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I've read conflicting advice on the use of the word "goods" in an economic context (e.g. "goods for sale"). One piece of advice is that it is a plural noun that should never be used singular (e.g. "one type of good for sale).

However, I've also seen prominent usages of the singular form: http://en.wikipedia.org/wiki/Good_(economics)

I'm making a computer program with some logic revolving around economic goods. Lets say I classify various Merchants by the types of goods they sell, and obviously a merchant may sell multiple types of goods.

So I may ask a user of my program "What types of goods does this merchant sell?" and present them with a list of goods, from which they can select one or more.

  • Clothing
  • Food
  • Vehicles
  • etc...

It makes sense to me that I might label the list "Goods Sold" because odds are a merchant sells multiple types, and even if they don't (say they only sell clothing), are likely to carry many styles and varieties within that type, therefore "goods."

Let's say I want to give my user a screen where they can pick from the list of possible goods, and see all the merchants which sell that good. I would ask them "Which good type would you like summarized" or "Pick good type". In this instance, I'm restricting them to choosing only one item in the list above. To me, "Pick a goods type" or "Which goods type would you like to see summarized" sound wrong but I really can't place why.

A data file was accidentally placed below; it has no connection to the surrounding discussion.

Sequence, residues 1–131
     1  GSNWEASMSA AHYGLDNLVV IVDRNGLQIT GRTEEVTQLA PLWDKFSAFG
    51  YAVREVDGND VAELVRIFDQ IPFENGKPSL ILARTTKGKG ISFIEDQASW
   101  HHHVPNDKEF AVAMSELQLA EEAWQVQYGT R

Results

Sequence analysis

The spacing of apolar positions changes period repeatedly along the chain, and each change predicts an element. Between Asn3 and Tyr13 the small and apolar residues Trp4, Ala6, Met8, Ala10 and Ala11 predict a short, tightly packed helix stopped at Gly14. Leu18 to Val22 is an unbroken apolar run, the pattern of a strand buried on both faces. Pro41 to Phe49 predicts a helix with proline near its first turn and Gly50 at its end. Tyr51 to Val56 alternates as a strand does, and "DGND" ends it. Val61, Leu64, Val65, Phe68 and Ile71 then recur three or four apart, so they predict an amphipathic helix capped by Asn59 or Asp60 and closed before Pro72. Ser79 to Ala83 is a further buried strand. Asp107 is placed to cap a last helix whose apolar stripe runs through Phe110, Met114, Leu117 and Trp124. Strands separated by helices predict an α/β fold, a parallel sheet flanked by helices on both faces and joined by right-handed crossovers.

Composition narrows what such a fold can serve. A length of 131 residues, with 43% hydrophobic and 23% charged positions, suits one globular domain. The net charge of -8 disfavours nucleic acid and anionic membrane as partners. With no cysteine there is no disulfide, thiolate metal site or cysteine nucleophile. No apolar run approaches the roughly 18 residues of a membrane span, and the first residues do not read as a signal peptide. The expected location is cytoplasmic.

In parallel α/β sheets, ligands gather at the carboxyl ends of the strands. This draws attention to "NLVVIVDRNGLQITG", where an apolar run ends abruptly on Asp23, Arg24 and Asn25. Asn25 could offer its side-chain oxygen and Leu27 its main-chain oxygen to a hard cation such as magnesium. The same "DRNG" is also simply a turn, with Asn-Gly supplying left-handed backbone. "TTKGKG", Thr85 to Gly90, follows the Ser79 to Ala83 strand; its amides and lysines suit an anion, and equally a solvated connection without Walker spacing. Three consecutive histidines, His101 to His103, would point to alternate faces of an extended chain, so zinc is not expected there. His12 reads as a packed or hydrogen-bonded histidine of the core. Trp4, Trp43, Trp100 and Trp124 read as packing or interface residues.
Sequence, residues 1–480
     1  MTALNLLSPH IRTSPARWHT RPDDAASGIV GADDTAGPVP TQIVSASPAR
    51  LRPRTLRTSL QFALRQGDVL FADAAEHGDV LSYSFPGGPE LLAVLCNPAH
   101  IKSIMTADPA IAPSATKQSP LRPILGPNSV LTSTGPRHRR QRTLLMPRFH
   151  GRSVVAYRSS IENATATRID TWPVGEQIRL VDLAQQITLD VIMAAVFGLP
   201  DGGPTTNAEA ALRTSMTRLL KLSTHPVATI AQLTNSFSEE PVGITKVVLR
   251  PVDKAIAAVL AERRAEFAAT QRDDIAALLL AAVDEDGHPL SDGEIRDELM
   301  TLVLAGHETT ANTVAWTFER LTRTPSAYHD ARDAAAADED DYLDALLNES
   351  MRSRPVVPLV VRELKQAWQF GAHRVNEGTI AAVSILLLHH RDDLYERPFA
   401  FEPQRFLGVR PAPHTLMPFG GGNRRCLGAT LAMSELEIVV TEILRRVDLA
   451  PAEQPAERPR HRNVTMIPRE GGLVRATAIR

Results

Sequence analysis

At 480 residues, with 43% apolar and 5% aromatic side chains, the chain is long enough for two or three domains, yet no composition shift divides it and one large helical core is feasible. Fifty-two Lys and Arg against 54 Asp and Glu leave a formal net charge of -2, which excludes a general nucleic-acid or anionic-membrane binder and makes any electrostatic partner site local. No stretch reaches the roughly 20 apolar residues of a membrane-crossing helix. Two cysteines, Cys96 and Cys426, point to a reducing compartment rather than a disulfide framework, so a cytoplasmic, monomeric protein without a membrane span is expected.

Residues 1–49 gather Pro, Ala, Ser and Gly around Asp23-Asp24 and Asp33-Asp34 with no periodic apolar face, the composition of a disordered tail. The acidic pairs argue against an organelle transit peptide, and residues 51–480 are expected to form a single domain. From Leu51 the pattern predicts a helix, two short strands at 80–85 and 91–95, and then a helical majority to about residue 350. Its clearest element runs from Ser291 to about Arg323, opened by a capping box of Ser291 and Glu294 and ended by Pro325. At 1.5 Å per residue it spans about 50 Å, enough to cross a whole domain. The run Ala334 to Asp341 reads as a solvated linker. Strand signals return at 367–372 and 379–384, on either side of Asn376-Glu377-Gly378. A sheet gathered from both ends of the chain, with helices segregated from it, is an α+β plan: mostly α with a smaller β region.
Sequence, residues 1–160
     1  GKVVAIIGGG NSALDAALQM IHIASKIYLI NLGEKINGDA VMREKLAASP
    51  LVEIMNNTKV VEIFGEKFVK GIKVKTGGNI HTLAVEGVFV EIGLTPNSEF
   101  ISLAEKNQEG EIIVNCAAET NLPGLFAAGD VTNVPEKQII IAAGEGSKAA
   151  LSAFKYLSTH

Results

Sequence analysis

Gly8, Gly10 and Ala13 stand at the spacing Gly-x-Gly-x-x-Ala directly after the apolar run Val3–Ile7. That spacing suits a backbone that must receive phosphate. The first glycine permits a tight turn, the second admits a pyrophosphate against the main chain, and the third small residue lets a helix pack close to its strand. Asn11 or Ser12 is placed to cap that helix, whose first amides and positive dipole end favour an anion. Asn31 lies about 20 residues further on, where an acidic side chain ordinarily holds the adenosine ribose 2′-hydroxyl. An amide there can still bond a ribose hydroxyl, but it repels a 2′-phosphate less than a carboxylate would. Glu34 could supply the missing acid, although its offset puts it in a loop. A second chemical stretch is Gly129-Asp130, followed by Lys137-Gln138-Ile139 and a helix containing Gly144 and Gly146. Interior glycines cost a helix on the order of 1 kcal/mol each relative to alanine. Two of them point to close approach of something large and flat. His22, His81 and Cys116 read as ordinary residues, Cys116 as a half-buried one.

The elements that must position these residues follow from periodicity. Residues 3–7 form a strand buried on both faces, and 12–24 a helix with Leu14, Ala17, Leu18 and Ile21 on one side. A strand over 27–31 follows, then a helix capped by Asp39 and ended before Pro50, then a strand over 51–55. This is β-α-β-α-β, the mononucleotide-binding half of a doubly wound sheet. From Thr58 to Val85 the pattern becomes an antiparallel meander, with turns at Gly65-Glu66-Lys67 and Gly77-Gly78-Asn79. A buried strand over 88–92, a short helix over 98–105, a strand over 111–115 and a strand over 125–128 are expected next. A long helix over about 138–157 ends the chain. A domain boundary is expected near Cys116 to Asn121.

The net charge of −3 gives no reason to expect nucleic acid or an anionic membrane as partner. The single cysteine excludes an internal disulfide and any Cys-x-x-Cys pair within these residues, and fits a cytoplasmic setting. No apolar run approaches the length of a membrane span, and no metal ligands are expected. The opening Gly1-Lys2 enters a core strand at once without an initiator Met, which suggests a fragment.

So the question really boils down to this: in the list above, is clothing a "Good Type" or a "Goods Type" (or perhaps "Type of Good" vs "Type of Goods")?

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    As a fellow programmer, I would circumvent this altogether and simply label the field "Category". – TimH Feb 21 '14 at 21:08
  • Even when you are picking only one type of good, that means there will still be multiple items, so goods is appropriate. I would probably not write pick good type. In some circumstances, you can use the singular to mean the type as opposed to a single item, but...yeah, it's complicated, I have to think about this some more. – Cerberus Feb 21 '14 at 21:11
  • @TimH I've given a very simplified and contrived example. The actual usage is in the context of a very complex system in which we really do need to refer to "Goods" or "a Good" specifically. We can't NOT use the term unfortunately. – jtheis Feb 21 '14 at 21:18
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    It seems to me you've already made your decision, since you refer in your text to "all the merchants which sell that good". It's your choice, of course, but you should be aware that the vast majority of Anglophones will consider your usage to be at the very least "peculiar" (doubtless some will simply say it's "incorrect"). FWIW, the relevant OED definition says (Now only as a countable noun, chiefly pl., but occas. in sing.) Saleable commodities, merchandise, wares (now chiefly applied to manufactured articles). – FumbleFingers Feb 21 '14 at 21:57